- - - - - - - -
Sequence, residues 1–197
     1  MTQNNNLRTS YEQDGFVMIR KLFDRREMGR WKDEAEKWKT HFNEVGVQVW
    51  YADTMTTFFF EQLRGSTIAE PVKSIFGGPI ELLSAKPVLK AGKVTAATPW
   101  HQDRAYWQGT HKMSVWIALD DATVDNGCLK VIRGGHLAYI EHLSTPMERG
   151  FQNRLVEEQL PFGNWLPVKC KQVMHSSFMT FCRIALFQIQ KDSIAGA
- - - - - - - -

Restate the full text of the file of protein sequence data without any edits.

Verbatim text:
Sequence, residues 1–197
     1  MTQNNNLRTS YEQDGFVMIR KLFDRREMGR WKDEAEKWKT HFNEVGVQVW
    51  YADTMTTFFF EQLRGSTIAE PVKSIFGGPI ELLSAKPVLK AGKVTAATPW
   101  HQDRAYWQGT HKMSVWIALD DATVDNGCLK VIRGGHLAYI EHLSTPMERG
   151  FQNRLVEEQL PFGNWLPVKC KQVMHSSFMT FCRIALFQIQ KDSIAGA